A life settlement is the term the financial services industry uses for what the Internal Revenue Code calls the commercial transfer (i.e., sale) of a life insurance policy (term or permanent) to a third party, an acquirer, who has no insurable interest in the insured’s life; specifically, the acquirer “has no substantial family, business, or financial relationship with the insured apart from the acquirer’s interest in such life insurance contract . . .” (Sec. 101(a)(3)(B)).
The life settlement market gained notoriety during the AIDS crisis, as people with AIDS sold their life insurance policies to pay medical costs. Since that time life settlement has become much more widely used. In this period of low interest rates, it has attracted investors looking for higher returns than those available in traditional fixed income securities. (The value of an existing policy is heavily dependent on the medical condition of the insured.) Because a life settlement house might be willing to pay substantially more for a policy than its cash surrender value, sellers who no longer need the coverage or who need the money for other purposes are attracted to the possibility of selling their policy.
As the market has grown, there have been continuing questions and opinions about how the first seller of a life insurance policy, typically the insured or a member of the insured’s family, should report the sale. Rev. Rul. 2009-13 was the IRS’s guidance on how the original owner of the policy should report the sale. Rev. Rul. 2009-14 explained how the life settlement house should report subsequent sales of life insurance contracts.
Under Rev. Rul. 2009-13, when an insured sold a policy, to determine the gain on a sale, the first seller had to reduce the cost basis in the policy by the expired cost of the insurance. The financial services industry was not happy with that provision. In what might be considered the result of good lobbying, Section 13521(a) of P.L. 115-97, known as the Tax Cuts and Jobs Act (TCJA), amended Sec. 1016(a)(1)(B), which now states that the basis of a life insurance or annuity contract does not have to be adjusted for the expired cost of insurance.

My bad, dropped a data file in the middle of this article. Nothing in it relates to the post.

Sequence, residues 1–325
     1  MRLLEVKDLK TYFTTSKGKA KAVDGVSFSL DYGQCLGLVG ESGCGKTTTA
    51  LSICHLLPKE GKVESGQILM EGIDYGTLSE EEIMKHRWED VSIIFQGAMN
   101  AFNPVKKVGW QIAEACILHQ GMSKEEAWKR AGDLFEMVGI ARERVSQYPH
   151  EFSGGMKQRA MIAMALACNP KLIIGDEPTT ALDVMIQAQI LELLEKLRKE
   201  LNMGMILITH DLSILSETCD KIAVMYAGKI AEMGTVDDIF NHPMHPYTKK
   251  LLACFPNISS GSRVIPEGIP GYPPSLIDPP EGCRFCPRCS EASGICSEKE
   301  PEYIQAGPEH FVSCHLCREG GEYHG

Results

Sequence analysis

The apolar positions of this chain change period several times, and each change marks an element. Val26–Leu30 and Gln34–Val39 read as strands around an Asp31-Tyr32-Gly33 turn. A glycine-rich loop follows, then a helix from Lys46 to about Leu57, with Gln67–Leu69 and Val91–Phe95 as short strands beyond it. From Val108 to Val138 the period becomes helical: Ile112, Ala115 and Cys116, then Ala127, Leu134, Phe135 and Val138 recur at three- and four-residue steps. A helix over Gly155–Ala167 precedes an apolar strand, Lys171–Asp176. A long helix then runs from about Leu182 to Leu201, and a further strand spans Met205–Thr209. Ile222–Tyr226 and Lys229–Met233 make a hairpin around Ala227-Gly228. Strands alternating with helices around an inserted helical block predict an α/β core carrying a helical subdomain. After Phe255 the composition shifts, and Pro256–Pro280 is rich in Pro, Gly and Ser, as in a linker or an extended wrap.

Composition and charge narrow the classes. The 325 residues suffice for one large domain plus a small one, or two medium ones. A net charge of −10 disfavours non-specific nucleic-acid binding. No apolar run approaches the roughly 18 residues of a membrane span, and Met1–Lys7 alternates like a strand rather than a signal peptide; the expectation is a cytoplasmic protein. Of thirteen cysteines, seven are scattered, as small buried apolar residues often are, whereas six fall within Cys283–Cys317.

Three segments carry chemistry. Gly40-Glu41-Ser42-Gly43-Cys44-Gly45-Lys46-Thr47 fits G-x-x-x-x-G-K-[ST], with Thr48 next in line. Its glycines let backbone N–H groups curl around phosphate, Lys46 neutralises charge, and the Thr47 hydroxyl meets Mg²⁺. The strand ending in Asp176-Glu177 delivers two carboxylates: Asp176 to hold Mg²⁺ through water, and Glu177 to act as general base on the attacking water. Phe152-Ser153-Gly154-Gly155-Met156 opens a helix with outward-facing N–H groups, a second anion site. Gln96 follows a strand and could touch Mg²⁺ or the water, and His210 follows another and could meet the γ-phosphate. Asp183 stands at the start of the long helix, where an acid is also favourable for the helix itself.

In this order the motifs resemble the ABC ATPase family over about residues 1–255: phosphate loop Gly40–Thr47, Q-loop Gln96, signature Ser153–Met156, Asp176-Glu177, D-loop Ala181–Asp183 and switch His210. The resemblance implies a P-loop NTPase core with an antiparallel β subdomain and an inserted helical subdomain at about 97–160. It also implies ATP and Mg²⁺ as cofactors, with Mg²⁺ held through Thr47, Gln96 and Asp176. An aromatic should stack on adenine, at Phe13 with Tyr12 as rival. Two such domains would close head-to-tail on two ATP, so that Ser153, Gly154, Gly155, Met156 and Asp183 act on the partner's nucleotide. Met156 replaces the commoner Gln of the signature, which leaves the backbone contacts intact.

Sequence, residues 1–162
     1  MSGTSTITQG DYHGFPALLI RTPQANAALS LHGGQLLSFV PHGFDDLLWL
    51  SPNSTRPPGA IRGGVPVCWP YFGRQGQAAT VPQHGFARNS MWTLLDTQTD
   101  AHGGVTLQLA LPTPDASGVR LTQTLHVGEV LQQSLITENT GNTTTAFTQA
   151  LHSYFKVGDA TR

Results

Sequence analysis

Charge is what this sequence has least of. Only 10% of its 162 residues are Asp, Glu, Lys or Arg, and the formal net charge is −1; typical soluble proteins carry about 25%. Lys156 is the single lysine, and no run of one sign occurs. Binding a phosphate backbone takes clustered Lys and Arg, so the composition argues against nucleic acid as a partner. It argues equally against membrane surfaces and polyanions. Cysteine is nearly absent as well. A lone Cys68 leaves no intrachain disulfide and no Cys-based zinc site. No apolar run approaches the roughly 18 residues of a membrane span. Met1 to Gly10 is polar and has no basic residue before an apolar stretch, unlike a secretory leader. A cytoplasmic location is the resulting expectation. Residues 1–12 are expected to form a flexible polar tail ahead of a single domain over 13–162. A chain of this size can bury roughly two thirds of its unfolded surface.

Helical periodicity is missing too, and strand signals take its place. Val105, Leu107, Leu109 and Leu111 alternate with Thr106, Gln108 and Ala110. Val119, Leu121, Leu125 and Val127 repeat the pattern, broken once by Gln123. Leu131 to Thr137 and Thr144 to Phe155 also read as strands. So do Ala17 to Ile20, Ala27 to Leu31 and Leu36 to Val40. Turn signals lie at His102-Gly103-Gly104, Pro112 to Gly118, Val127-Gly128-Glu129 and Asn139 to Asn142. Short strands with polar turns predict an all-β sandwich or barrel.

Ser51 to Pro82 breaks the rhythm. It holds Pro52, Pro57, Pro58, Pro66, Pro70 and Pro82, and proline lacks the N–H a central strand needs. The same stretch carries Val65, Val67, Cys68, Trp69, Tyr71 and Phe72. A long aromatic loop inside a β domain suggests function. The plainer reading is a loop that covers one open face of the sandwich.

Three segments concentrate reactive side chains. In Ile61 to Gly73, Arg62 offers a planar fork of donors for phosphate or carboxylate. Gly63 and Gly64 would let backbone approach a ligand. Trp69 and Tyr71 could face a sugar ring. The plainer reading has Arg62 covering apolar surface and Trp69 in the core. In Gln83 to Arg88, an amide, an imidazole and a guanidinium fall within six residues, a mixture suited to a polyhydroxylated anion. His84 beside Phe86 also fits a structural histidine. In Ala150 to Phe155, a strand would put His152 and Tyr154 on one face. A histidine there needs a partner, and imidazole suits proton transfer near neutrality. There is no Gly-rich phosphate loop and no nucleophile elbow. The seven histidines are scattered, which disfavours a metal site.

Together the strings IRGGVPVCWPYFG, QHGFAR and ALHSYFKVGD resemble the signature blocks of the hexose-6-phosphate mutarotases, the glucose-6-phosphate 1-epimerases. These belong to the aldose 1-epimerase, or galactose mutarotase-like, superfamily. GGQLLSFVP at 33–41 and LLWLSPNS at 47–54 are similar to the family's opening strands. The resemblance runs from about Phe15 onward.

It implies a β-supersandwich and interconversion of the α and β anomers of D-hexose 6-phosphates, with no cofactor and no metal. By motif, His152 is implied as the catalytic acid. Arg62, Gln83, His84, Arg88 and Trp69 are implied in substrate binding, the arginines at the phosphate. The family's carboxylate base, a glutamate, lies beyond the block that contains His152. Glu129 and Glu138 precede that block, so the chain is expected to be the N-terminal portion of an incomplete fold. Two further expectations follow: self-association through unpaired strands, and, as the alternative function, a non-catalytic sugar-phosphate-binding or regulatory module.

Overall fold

Probably in the hope of improving sellers’ compliance with reporting sales of life insurance policies, TCJA Section 13520(a) added an information return requirement, new Sec. 6050Y, for life settlement transactions.
Sec. 6050Y(a) requires the buyer, the life settlement house, to file an information return with the IRS reporting the sale, the proceeds, and the policy number and written statements containing the information required to be reported on the return to the life insurance company issuing the policy and the seller. However, reporting the proceeds of the sale to the insurance company in the statement is optional. Insurance companies track premiums paid on life insurance contacts. The notice triggered by Sec. 6050Y(a) will let them know to track premiums paid by the new owner.
Section 6050Y(b) goes further than Sec. 6050Y(a). It requires the insurance company, when it receives the information return, to file an information return with the IRS including the amount of investment in the contract, as defined in Sec. 72(e)(6), and to provide the seller a written statement containing the information required to be in the return.
Last, Sec. 6050Y(c) deals with the payment of the death claim. Sec. 6050Y(c) requires the insurance company to file an information return with the IRS, including the amount of the death benefit paid and the company’s estimate of the last owner’s basis in the contract as determined under Sec. 72(e)(6). The insurance company must also provide the death benefit recipient a written statement with the information required to be reported in the return. Again, since the last owner’s basis will be the sum of what it paid for the policy, plus whatever it paid in premiums, insurance companies will have to modify their data systems to allow for accumulation of premiums paid as ownership changes.
Notice 2018-41, issued April 26, provides details on the reporting requirements under Sec. 6050Y and says the IRS intends to issue regulations implementing the reporting requirements. The IRS says the regulations will also clarify which parties are subject to the reporting requirements and provide definitions of terms such as “acquirer,” “payment,” and “issuer.”
Through the IRS’s information return matching programs, Sec. 6050Y should strengthen the reporting of life settlement transactions, both as policies are sold and as death benefits are paid. On the other hand, Secs. 6050Y(b) and (c) will impose substantial, new recordkeeping requirements on life insurers, the cost of which will be significant.
David K. Smucker, CPA, MSM, CLU, ChFC, is Advanced Consulting Group’s technical director with Nationwide Insurance in Columbus, Ohio. To comment on this article or to suggest an idea for another article, contact senior editor Sally Schreiber at Sally.Schreiber@aicpa-cima.com.